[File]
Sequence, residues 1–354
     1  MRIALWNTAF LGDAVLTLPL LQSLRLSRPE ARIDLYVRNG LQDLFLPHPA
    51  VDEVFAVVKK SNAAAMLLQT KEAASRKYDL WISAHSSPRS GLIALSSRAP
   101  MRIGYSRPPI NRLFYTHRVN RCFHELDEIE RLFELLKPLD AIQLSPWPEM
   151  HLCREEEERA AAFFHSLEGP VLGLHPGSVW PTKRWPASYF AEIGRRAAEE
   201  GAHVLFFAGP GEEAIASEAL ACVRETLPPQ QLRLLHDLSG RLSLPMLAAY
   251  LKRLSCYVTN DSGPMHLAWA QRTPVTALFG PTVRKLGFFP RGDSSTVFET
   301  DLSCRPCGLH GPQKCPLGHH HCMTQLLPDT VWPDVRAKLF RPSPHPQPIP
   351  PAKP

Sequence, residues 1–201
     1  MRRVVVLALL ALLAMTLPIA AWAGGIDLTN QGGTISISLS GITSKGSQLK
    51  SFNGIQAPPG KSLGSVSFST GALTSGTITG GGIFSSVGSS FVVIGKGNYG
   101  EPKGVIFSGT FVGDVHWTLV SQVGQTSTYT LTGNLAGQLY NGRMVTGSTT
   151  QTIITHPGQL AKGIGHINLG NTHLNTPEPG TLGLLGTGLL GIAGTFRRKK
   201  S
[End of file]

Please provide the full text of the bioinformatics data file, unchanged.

Sequence, residues 1–354
     1  MRIALWNTAF LGDAVLTLPL LQSLRLSRPE ARIDLYVRNG LQDLFLPHPA
    51  VDEVFAVVKK SNAAAMLLQT KEAASRKYDL WISAHSSPRS GLIALSSRAP
   101  MRIGYSRPPI NRLFYTHRVN RCFHELDEIE RLFELLKPLD AIQLSPWPEM
   151  HLCREEEERA AAFFHSLEGP VLGLHPGSVW PTKRWPASYF AEIGRRAAEE
   201  GAHVLFFAGP GEEAIASEAL ACVRETLPPQ QLRLLHDLSG RLSLPMLAAY
   251  LKRLSCYVTN DSGPMHLAWA QRTPVTALFG PTVRKLGFFP RGDSSTVFET
   301  DLSCRPCGLH GPQKCPLGHH HCMTQLLPDT VWPDVRAKLF RPSPHPQPIP
   351  PAKP

Sequence, residues 1–201
     1  MRRVVVLALL ALLAMTLPIA AWAGGIDLTN QGGTISISLS GITSKGSQLK
    51  SFNGIQAPPG KSLGSVSFST GALTSGTITG GGIFSSVGSS FVVIGKGNYG
   101  EPKGVIFSGT FVGDVHWTLV SQVGQTSTYT LTGNLAGQLY NGRMVTGSTT
   151  QTIITHPGQL AKGIGHINLG NTHLNTPEPG TLGLLGTGLL GIAGTFRRKK
   201  S